One common response to the news that a Kremlin-linked online operation in Russia bought $100,000 worth of Facebook ads during the 2016 election campaign has been that the money is a drop in the bucket relative to the more than $1 billion spent on ads during the cycle, or the $27 billion in revenue earned by Facebook last year. But as one of a handful of Americans who managed the digital operations of a 2016 presidential campaign, I think $100,000 smartly spent on Facebook could have a much larger reach than you may realize. And more importantly, nobody — not the political pros, or the advertising gurus — truly knows how far a message spreads when Facebook is paid to promote it. The social network still contains many mysteries, even to those pouring millions into it. What I do know, from managing the digital operations for Gov. John Kasich’s campaign, is how the game was played in 2016. So how much impact would $100,000 of advertising have on Facebook during the cycle? The short answer is…that completely depends on how large the targeted audience was, and how long the campaigns were running.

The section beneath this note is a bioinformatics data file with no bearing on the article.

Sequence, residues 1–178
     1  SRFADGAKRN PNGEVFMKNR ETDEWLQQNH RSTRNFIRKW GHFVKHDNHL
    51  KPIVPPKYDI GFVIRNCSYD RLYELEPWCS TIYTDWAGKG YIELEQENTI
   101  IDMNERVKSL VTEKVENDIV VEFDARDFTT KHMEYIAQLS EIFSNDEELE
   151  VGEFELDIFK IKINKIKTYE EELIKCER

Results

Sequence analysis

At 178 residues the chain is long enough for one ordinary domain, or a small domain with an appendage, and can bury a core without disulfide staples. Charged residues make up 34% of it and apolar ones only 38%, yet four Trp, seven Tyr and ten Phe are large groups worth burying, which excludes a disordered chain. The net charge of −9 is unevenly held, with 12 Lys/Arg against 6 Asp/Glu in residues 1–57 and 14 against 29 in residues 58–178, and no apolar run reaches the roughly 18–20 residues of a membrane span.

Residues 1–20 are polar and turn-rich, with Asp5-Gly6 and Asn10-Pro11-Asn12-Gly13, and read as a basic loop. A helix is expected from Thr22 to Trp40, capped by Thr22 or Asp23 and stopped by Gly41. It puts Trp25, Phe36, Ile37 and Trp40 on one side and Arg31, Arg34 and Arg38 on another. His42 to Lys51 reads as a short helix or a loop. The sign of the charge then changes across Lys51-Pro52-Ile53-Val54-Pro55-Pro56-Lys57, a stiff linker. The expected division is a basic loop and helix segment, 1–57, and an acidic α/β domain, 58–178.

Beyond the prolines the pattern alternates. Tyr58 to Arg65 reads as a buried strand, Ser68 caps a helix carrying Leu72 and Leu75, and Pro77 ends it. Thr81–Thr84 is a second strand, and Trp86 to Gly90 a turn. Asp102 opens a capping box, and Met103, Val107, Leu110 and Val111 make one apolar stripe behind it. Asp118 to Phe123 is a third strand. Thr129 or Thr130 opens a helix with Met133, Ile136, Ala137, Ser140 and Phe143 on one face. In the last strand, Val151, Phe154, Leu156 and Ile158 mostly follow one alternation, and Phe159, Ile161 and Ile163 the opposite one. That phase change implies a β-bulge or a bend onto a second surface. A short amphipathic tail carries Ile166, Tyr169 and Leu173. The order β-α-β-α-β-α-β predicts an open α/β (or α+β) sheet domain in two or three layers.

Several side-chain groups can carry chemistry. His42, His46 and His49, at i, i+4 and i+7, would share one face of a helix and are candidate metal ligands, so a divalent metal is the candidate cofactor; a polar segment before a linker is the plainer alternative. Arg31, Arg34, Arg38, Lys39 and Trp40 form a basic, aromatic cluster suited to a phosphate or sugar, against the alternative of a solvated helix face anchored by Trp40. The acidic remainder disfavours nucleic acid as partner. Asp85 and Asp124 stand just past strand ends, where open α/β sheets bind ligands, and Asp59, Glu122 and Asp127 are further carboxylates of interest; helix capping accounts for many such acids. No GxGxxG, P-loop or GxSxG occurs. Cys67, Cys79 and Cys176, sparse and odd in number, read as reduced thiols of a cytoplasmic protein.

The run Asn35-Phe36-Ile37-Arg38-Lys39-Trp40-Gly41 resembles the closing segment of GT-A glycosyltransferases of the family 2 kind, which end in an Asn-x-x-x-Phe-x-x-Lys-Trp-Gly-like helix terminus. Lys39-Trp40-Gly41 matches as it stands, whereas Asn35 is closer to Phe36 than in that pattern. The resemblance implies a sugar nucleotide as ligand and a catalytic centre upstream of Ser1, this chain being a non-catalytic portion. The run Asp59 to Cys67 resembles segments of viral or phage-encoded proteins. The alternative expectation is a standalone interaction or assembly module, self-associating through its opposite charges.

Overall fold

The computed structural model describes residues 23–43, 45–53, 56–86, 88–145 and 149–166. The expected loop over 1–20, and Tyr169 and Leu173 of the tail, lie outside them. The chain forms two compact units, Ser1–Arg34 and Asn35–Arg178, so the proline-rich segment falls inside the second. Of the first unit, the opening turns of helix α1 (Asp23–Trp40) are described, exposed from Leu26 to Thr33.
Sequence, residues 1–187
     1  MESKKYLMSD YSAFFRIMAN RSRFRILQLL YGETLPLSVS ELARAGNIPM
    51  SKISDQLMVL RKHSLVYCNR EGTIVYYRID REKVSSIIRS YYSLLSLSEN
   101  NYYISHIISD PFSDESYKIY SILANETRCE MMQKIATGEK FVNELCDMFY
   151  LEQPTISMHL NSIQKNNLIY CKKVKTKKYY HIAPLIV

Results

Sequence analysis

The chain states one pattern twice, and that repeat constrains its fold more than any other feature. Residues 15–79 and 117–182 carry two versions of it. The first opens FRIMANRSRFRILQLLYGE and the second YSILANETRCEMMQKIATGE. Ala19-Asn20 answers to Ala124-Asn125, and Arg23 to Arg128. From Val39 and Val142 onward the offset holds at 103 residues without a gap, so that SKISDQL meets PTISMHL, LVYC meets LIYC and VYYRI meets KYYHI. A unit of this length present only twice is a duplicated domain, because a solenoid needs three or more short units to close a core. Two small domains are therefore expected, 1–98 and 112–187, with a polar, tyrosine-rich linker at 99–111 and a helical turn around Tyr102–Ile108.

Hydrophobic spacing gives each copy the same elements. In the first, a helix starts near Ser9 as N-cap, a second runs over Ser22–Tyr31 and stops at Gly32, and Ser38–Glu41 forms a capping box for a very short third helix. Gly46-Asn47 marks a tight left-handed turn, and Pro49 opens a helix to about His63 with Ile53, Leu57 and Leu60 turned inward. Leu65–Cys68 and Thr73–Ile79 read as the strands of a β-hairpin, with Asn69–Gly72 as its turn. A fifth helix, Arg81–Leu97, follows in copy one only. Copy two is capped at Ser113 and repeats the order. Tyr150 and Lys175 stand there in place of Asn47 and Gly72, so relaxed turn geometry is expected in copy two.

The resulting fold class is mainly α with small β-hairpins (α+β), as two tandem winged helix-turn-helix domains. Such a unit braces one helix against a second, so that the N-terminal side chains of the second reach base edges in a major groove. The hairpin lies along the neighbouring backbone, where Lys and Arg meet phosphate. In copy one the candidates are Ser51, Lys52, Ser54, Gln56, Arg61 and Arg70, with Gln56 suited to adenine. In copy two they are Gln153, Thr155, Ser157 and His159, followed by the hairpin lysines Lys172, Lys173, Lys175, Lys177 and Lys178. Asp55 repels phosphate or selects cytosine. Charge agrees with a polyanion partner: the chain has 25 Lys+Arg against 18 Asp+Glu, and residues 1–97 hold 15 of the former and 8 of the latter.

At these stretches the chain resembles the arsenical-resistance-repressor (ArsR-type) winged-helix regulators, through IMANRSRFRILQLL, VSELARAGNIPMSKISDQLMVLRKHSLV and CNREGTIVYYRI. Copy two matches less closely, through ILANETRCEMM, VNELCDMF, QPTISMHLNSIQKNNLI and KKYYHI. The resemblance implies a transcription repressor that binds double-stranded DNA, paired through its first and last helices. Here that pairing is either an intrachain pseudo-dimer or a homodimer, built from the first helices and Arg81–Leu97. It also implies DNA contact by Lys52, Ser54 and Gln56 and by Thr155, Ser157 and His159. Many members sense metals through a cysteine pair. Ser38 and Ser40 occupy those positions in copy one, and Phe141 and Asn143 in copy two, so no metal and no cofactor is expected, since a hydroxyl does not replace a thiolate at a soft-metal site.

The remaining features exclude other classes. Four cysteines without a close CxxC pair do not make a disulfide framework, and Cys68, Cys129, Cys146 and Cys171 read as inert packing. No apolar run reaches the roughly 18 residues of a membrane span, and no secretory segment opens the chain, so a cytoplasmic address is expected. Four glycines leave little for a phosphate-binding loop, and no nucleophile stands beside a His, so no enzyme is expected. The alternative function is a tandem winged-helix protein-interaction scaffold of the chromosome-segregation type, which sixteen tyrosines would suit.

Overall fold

Let’s make some very conservative estimates, for argument’s sake. For a nationally targeted campaign, assume the Russians paid $0.50 per click, and they were the deploying the kind of super click-bait ads that are specifically designed to catch people’s attention on Facebook. I can see that kind of campaign producing roughly 10 million impressions — meaning the number of times it could have been seen in somebody’s Facebook timeline — and 200,000 clicks, using another conservative estimate of a 2% click-through-rate.
Those 200,000 clicks could mean a number of things: either sharing the content, commenting on it, clicking through to a new website — maybe a “news” site loaded with more hyper-clicky headlines, each designed to cause emotional reactions and in some instances, outright mislead voters (remember when #FakeNews was really about fake news?).